As the story of Abram continues, we finally hear him voice his doubts over receiving the promises because he has no heir. God continues to guide Abram. He uses a method Abram would immediately recognize.
Heir Apparent-Less? (1-6)
This is a very deep concern. No matter what God gives to Abram, unless he has a son to perpetuate his name, Abram could be forgotten. Certainly, Eliezer could be grateful to his master, yet for posterity’s sake you are not likely to tell the story that you were once a servant and when the master died you got everything. You might hide that bit of personal history and in so doing the name of your master would be forgotten. It happens, and Abram knows this. Yet God is not callous to this concern. If the land is promised to Abram, then he must have a son to receive it.
Up to this point, what has God shown to prove Abram will receive the promise?
A Treaty Setting (7-11)
God reminds Abram who it was that brought him thus far, so there is continuity in the story. When Abram asks again how he will know if he (even vicariously) will receive the land, God answers with strange instructions about livestock. The animals are pretty specific, and even more so is the arrangement that Abram seems to automatically know how to place the carcasses. He knows to butchered them into halves and set them in a certain way on the ground. But how is this? This chapter is depicting a common form of treaty ratification in the Ancient Near East. The two parties would walk between the cut pieces of meat and declare, “May what has happened to these animals, happen to me if I break this covenant with you.” Abram is ready for the ratification ceremony to occur, he continues to chase off the scavengers that try to desecrate the ceremonial animals. He’s waiting…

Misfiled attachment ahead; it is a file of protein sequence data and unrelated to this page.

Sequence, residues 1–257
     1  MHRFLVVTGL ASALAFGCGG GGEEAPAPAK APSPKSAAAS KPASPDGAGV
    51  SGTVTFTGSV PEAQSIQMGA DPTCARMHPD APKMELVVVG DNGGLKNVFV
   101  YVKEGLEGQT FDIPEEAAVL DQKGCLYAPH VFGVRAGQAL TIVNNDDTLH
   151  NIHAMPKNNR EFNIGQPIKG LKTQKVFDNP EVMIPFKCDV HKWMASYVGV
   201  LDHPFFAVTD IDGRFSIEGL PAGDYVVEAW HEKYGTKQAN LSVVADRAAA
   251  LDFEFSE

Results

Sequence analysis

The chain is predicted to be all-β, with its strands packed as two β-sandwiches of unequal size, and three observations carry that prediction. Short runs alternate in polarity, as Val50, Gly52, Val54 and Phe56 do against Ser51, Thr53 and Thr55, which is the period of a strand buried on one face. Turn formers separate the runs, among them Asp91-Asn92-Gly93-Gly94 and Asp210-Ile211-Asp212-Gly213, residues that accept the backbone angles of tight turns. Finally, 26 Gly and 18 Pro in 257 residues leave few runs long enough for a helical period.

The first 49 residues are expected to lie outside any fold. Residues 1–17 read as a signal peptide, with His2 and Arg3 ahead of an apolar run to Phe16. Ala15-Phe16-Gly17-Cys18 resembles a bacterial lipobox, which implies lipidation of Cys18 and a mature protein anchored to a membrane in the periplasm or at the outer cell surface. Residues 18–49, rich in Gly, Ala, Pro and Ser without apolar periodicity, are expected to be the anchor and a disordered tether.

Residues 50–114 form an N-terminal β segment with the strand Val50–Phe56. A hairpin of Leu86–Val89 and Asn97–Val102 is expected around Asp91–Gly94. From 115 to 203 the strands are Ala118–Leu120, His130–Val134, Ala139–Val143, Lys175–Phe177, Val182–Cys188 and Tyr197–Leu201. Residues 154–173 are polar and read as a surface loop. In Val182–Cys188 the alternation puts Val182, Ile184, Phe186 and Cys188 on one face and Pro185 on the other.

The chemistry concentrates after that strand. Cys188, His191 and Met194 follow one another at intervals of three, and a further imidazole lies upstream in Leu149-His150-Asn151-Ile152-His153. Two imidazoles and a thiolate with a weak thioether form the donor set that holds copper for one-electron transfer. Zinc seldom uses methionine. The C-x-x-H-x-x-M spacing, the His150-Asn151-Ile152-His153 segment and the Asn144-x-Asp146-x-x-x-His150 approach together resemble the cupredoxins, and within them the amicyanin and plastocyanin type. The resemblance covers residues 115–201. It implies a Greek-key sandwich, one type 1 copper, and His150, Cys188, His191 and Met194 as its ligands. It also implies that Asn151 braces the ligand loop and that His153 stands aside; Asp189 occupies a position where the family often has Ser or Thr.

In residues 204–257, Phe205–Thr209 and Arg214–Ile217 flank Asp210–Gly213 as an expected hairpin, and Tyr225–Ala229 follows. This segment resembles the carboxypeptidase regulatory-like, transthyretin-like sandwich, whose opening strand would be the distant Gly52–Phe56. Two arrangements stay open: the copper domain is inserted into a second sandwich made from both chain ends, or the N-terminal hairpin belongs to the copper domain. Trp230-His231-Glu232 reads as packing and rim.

Recall that Abram has left everything and has been waiting for years already. How patient have you been in waiting on an answer from God?
Great and Dreadful Darkness (12-16)
Abram falls asleep after waiting for the other treaty party, God, to show up for the ceremony. We often think about God’s presence in bright and cheery terms, yet Scripture shows a different picture. When angels appear to God’s people there is often a reaction of fear. As God’s people gathered around Sinai to receive the law, they were terrified. Isaiah was mortified to the point of death when he faced the throne. These instances show the magnitude of seriousness that comes with a Divine encounter. Meeting God can be scary! The message that God had about his descendants (slavery in Egypt) was not a positive one either.
How does this picture of an encounter with God impact you? Does it confirm, challenge, or confuse your understanding of God?
Remember before I said that both parties would walk through the cut pieces of animals and say to each other, “May this happen to me if I break covenant with you.” However, who goes between the cut pieces before Abram? Sometimes only the weaker party in a treaty would walk through the pieces, in submission to the stronger king to prevent their destruction in a war. However, God is not the weaker party in this case. This is a covenant that Abram does not deserve. Like an adult “pinky swearing” with a small child, coming down to their level so they understand the absoluteness of the promise being made. God goes through this treaty ratification process common in Abram’s day as a sign of things to come.
Why is this scene so important for Abram’s faith and relationship with God?
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